barmbougle-castle

Mini Edinburgh Adventures – the Shore Walk

Did you know that Edinburgh has a spectacular waterfront with over 15 miles of waterside walkways? Walking the Shore Walk the quaint village of Cramond through the Dalmeny Estate to the dramatic Forth Bridges is one of my favourite ways to spend an afternoon. This is a walk with some very big views.

Let’s explore … the Shore Walk

The walk starts at Cramond, a 19th Century village just 40 minutes from Edinburgh city centre. With whitewashed cottages, boats on the River Almond and the long causeway to Cramond Island, it’s a locals favourite for a Sunday wander along the Promenade to Silverknowes. However, I recommend that instead you grab a takeaway bacon roll and coffee from the Boardwalk Beach Club and head up the River Almond and the Old Mill Trail.

Shore Walk Edinburgh Dalmeny

The River Almond holds a secret, this now enlightened festival city has a rather dirty industrial past. The river was once one of Scotland’s most polluted waterways, being home to corn and iron mills along its length.

An extensive programme of water regeneration and just look at it now.

Shore Walk Edinburgh Dalmeny

Shore Walk Edinburgh Dalmeny

The path winds its way up the river and once you reach the Old Cramond Brig bridge cross over the river and pass the back of the pub to find the entrance to the Dalmeny Estate. Here you join the John Muir Way which takes you 6.5 miles to Queensferry along the Firth of Forth, with views of a series of increasingly beautiful and wild beaches.

The path takes you past the Dalmeny Estate’s two striking buildings; the manor house and my favourite, Barnbougle Castle which sits out on a headland, battered by the waves.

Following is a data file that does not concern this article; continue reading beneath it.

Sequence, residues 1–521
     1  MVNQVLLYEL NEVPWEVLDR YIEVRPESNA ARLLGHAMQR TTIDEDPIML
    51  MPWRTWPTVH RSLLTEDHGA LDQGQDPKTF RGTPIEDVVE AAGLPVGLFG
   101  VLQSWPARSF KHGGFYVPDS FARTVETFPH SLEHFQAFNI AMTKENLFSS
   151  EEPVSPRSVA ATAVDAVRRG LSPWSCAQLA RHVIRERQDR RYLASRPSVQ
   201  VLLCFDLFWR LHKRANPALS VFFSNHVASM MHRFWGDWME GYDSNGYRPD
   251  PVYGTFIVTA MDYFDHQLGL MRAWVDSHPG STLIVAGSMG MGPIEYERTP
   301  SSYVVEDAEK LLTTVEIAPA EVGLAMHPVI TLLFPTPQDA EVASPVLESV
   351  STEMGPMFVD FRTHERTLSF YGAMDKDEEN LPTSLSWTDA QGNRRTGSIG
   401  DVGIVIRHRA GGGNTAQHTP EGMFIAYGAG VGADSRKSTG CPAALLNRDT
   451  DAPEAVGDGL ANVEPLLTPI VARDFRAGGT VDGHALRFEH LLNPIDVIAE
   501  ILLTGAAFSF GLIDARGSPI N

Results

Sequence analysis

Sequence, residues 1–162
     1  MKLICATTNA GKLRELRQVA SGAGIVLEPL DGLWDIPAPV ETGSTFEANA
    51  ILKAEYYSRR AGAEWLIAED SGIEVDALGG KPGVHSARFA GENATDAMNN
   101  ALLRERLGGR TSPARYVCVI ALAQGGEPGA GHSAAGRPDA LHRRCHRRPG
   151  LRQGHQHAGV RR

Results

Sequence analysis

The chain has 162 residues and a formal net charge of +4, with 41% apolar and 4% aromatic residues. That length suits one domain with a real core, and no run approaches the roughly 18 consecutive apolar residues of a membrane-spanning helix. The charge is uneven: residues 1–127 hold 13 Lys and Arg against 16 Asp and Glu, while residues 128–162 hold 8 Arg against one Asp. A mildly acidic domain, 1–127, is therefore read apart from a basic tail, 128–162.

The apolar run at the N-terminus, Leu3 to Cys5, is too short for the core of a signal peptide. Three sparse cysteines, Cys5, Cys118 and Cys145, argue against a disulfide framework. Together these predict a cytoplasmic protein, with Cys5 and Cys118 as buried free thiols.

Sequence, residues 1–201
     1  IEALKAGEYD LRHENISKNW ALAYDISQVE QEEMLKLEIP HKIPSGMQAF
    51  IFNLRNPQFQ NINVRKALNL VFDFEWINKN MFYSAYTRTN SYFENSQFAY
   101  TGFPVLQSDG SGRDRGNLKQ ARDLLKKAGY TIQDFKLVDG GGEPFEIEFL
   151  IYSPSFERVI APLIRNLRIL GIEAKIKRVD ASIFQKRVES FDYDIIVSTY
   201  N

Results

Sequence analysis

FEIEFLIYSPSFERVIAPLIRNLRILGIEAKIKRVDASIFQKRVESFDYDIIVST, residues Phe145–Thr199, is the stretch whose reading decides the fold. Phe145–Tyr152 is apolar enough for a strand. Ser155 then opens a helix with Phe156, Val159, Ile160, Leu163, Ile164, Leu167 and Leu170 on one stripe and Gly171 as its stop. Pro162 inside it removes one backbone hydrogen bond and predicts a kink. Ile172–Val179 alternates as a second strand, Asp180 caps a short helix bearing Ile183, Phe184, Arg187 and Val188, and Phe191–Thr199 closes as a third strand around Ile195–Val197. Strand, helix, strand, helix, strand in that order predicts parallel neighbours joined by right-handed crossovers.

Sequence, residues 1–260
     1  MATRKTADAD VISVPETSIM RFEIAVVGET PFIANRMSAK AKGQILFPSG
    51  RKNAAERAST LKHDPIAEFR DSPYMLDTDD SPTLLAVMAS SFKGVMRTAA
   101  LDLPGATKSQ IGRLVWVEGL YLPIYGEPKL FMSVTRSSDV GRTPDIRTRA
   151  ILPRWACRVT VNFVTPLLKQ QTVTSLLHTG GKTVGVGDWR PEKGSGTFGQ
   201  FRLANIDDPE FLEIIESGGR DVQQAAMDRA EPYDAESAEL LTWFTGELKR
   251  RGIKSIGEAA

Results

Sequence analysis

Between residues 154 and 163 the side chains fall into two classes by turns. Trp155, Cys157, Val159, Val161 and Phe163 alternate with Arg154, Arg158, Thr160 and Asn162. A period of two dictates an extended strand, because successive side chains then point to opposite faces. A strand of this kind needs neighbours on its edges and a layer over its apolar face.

But would you wander along this coast if you knew the castle had its own ghost? It is said that the hound belonging to Barnbougle’s first owner, Sir Roger Mowbray (who was killed during the crusades) can be heard on dark & stormy night howling in pain at his master death.

Ever when Barnbougle’s lords,
are parting this scene below,
come hound and ghost to this haunted coast,
with death notes winding slow.

The castle certainly looks rather spooky doesn’t it?

Shore Walk Edinburgh Dalmeny

Shore Walk Edinburgh Dalmeny

Reaching Queensferry and Hawes Pier, the Shore Walk reveals an unusual view of the three Forth bridges, the Rail Bridge, the Road Bridge, and the nearly completed Queensferry Crossing…

Which will forever be known to those from Edinburgh as the New Bridge.

Shore Walk Edinburgh Dalmeny

3 generations of rather beautiful bridges, right there.

Ah Edinburgh you are so pretty!

I’m looking forward to exploring Edinburgh so much more over winter, including walking the Water of Leith Walkway, the Union Canal and the whole waterfront!

forth-bridges-2

Love, from Scotland x

Follow the walk via WalkHighlands

To get to the Shore Walk  – take the no.41 Lothian Bus 40 minutes north of the city to Cramond. At Queensferry jump on the train to Waverley or Haymarket from Dalmeny Station.

18 Comments

  • MummyTravels

    22/11/2016 at 10:33 pm